There were signs and portents in the heavens when the plague came to Derby; two comets hung in the sky and an eclipse swallowed the sun, and people looked into the sky and wondered what calamity was on its way. Preachers and prophets walked the land, interpreting the political and social strife of the previous decades as harbingers of the End of the World, especially as the year 1666 was on the horizon, the Number of the Beast making its presence felt in the calendar itself.
Plague arrived in London early in 1665, probably brought over from the Netherlands in bales of cotton. Within a few months it had started to decimate the population, with the city’s inhabitants either falling prey to the sickness or fleeing for their lives. It’s gone down in history as the Great Plague of London, although it wasn’t limited to the capital; York was affected, for instance, as was Derbyshire.
The area’s most famous story of the Plague is of the village of Eyam, whose inhabitants isolated themselves to prevent the contagion spreading to neighbouring towns and villages. It’s a haunting tale, and perhaps rightfully the county’s greatest story of tragedy and heroism. But I’ve never been to Eyam; I have, however, been to a chiropractor, and just around the corner from my chiropractor is the Headless Cross.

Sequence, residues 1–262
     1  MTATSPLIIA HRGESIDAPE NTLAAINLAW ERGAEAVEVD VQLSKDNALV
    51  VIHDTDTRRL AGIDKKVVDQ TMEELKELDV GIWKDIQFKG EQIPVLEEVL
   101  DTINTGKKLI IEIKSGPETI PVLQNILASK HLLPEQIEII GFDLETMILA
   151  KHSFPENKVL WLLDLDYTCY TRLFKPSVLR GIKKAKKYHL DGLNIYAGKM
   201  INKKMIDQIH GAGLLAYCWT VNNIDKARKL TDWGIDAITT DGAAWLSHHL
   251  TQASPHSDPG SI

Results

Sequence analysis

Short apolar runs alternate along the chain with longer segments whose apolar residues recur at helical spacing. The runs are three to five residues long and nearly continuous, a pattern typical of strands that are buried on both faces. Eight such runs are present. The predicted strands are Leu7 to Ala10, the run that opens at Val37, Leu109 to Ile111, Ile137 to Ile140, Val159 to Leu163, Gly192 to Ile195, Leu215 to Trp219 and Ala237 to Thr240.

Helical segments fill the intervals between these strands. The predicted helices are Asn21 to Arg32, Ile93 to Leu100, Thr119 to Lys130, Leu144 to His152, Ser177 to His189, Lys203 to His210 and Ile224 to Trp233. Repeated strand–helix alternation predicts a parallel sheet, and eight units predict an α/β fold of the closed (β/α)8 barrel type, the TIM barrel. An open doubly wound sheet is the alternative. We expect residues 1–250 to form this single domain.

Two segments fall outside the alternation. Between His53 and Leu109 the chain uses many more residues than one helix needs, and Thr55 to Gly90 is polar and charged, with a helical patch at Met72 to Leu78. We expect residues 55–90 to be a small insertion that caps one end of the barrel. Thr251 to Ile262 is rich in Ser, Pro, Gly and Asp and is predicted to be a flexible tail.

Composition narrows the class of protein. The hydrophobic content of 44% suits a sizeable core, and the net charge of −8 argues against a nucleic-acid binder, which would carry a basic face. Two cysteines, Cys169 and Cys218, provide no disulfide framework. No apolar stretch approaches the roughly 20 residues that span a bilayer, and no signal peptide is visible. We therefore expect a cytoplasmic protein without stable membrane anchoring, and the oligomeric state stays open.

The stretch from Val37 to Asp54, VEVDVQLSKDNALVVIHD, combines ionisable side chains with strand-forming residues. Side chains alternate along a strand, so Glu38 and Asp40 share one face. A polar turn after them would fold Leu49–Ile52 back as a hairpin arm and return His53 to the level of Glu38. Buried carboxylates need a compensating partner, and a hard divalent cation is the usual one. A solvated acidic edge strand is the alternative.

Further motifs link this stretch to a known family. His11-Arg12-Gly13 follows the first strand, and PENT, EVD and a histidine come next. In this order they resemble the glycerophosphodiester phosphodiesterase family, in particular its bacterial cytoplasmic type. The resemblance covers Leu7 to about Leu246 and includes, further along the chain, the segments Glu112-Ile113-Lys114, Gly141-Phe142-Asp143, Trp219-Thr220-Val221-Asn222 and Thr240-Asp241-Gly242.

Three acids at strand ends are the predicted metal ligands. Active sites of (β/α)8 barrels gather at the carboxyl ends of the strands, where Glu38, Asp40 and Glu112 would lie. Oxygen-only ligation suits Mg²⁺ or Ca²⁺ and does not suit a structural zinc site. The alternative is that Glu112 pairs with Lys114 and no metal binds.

Trade used to take place at the local markets, but the Plague meant that the usual routines of everyday life were suspended; instead the Headless Cross was erected at the boundary of the city, on Friar Gate. Merchants left goods there, reducing their risk of exposure; in exchange, their customers left money in a trough of vinegar at the top of the stone – it was believed that this disinfected the coins and stopped the transmission of the Plague. This wasn’t true, of course, nor was the belief that smoking tobacco, which had only been introduced in England a hundred years earlier, prevented the disease. Modern medicine was still a while away, although change was in the air; this was also the age of Newton and Halley and the Royal Society. Those comets that burnt in the sky were astronomical phenomena following predictable laws, rather than omens reflecting the Wrath of God on London and Derby.
1666 saw the epidemic burn itself out, ending the last major outbreak of Bubonic Plague in the UK. Yet the Plague still haunts the city – street names such as Dead Man’s Lane and Blagreaves (‘Black Graves’) Lane mark old burial grounds, and the Headless Cross still stands, testament to dark days in Derby…
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